Friday, December 30, 2016

Time for New Year’s Resolutions

It’s time once again to make some New Year’s resolutions. But this year, instead of making resolutions impossible to keep, I will make resolutions that are quite doable. The key is to make sure none of my resolutions have anything to do with dieting or exercise. So, for the year 2017…

I resolve to spend less time and effort being concerned about the lives of people I’ve never met — celebrities, athletes, politicians, fictional characters on television — and more time and effort being concerned about the lives of my family and friends.

I resolve to pray more and complain less.

I resolve to complain less while praying. (God will be happy to hear this one.)

I resolve to count my blessings at least once each day, and especially whenever I feel a “pity party” coming on.
I resolve to stay at the table during the entire dinner and not suddenly get up during the middle of the meal to go into the living room and check the score of a ballgame on TV — unless, of course, the game has important playoff implications.

I resolve to do Christmas differently in 2017 and not go out frantically on December 24th to begin my Christmas shopping, as I’ve done for the past 30 years in a row. Oh, who am I kidding? Waiting till the last minute has become as much a cherished holiday tradition as figgy pudding (whatever the heck that is).

I resolve to do Christmas differently in 2017 and stop trying to recapture a warm and pleasant childhood emotion about the holiday — an emotion that hasn’t occurred since age nine — and instead focus on creating a warm and pleasant emotion about the holiday for a wide-eyed nine-year-old in my community — an emotion he or she can nostalgically try to recapture many decades from now.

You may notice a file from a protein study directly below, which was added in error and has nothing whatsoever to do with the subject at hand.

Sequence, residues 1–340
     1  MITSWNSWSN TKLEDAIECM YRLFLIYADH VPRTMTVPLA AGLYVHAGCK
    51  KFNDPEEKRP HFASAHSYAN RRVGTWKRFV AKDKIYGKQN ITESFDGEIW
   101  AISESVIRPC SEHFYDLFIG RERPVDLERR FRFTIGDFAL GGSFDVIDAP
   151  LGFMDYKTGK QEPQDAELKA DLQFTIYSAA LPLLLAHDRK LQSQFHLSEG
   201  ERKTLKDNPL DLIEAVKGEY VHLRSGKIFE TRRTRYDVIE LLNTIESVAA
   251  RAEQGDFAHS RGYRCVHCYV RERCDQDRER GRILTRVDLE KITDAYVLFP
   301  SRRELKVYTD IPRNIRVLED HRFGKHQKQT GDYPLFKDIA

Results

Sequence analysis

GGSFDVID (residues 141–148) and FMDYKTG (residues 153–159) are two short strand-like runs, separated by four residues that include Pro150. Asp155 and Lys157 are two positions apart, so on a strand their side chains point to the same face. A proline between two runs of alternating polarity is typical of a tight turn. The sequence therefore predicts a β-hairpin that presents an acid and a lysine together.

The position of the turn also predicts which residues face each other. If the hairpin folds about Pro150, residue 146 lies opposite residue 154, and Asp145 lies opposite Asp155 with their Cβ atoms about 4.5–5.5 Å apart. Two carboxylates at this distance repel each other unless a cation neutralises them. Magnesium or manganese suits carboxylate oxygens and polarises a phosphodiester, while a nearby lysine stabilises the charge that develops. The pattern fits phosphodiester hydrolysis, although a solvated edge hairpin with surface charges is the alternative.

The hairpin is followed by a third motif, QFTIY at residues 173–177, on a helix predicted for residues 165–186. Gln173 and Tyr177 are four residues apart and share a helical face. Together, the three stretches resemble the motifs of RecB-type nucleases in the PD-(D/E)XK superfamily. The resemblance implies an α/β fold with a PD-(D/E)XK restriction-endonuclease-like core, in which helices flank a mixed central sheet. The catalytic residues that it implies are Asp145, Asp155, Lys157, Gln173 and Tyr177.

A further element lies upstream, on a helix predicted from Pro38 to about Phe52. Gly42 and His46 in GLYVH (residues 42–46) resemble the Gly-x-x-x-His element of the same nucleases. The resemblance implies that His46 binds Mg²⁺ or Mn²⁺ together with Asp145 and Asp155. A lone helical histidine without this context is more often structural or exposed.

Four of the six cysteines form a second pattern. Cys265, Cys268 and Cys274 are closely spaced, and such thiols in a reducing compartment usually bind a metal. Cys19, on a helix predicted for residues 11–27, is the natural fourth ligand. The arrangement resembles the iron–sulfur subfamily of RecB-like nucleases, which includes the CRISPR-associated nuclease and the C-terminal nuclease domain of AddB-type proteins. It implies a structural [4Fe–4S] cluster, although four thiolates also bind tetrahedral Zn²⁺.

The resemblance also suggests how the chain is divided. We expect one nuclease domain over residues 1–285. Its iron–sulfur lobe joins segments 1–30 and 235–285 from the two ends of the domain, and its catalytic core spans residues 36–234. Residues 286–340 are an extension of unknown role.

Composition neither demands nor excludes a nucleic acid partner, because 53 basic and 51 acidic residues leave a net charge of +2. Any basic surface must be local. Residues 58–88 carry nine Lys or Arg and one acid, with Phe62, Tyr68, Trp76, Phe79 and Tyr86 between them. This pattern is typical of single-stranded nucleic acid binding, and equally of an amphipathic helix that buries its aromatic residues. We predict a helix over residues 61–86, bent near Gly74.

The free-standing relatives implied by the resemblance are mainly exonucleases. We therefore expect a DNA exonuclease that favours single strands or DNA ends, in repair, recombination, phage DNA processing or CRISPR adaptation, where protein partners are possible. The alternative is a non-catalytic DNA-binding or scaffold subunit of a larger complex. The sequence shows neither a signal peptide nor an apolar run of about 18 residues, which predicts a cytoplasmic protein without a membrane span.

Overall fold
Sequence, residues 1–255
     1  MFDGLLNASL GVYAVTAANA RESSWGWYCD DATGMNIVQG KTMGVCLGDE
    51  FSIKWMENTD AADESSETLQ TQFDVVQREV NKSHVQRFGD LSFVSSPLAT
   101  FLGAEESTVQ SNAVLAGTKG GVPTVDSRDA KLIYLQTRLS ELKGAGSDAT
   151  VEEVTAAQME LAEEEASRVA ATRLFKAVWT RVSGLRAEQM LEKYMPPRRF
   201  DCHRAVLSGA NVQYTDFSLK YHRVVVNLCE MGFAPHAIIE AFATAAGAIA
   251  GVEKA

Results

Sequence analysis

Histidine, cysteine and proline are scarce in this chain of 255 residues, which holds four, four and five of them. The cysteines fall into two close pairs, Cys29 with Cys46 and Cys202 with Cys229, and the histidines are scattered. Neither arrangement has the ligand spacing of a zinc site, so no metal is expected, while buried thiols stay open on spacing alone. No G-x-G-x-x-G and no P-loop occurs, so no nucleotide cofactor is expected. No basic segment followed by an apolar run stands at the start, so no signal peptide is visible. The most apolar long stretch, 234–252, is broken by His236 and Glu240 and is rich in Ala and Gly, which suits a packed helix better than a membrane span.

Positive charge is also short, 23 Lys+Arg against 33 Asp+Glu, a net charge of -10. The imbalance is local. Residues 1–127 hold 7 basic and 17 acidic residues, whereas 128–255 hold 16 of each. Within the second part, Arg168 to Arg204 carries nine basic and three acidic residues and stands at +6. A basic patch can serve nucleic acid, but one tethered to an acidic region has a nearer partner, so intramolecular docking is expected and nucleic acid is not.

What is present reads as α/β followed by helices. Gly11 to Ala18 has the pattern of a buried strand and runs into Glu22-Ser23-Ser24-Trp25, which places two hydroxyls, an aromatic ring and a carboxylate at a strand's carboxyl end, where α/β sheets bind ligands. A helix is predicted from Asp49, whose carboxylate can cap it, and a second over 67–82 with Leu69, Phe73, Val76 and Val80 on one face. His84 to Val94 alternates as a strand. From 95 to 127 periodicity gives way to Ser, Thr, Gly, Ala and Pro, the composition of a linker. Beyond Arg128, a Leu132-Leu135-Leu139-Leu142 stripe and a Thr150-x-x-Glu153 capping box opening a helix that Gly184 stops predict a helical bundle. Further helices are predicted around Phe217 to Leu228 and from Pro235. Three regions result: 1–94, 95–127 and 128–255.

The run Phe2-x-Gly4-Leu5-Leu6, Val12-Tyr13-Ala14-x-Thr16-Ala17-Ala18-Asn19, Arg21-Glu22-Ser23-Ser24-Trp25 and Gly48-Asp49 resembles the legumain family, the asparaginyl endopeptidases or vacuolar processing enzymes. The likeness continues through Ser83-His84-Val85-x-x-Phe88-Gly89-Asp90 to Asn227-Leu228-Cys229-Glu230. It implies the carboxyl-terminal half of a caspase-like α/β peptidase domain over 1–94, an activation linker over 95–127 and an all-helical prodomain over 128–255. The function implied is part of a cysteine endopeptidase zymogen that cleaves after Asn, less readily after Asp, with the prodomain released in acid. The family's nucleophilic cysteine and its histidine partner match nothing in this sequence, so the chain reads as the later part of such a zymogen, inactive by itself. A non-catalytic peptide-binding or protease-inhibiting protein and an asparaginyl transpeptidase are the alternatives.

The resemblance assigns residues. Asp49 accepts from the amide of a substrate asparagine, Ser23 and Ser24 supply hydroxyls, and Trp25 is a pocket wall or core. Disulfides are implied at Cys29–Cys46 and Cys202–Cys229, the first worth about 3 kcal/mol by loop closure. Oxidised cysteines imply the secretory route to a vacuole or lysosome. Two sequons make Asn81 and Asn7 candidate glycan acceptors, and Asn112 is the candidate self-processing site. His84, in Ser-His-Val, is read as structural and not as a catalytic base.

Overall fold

I resolve to be less obsessive about sports — unless the Red Sox, Giants, UConn, Notre Dame, Celtics, Phil Mickelson, Bucknell, Torrington High School, or Moe’s Tavern softball team are in contention to win a championship.

I resolve not to mention my wife or daughters in my column — as they’ve requested repeatedly — unless I can’t think of anything else to write about. (And I resolve not to end a sentence with a preposition.)

I resolve to tell my wife and daughters more often that I love them. (At the moment, I couldn’t think of anything else about which to write.)

I resolve to stop complaining about the weather around here — unless it’s too cold, too hot, too humid, too windy, too sunny, or too snowy.

I resolve to appreciate and enjoy the six days each year when the weather around here is not too anything, except too beautiful. (I believe the next one of these days is due to arrive about the third week of April.)

I resolve not to spend the first three months of the year wishing it were the fourth month of the year every time I have to use the snow blower.

I resolve to be grateful I have a snow blower that runs. (At least as of right now. Trust me, if it conks out in, say, February, you’ll be reading about it.)

I resolve to skip playing golf this year to see if I can somehow live without an activity that is five-percent enjoyable and 95-percent frustrating, time-consuming, and ridiculously expensive.

I resolve to spend at least as much time reading the Bible as I spend reading Sports Illustrated.

I resolve to call my kids more often.

I resolve to call my kids more often to tell them we’re driving to Rhode Island to see them in person, and we just pulled into their driveway. 

Happy New Year!

Tuesday, December 27, 2016

We Know the Church Will Win the War

World War II documentaries are fascinating. When the documentaries describe a bleak time during the war, say, the sneak attack on Pearl Harbor or the relentless bombing of London, your heart goes out for the people involved. At that time, they did not know how things ultimately would turn out. Maybe Imperial Japan would conquer the entire Pacific, including western portions of the United States. Maybe the Nazis would reduce London to rubble and invade Great Britain.

However, when watching these war documentaries today, we know how things turned out. We know the Allies eventually prevailed and democracy and freedom were victorious. It was a gruesome and costly affair, and there were countless casualties, but in the end the good guys won.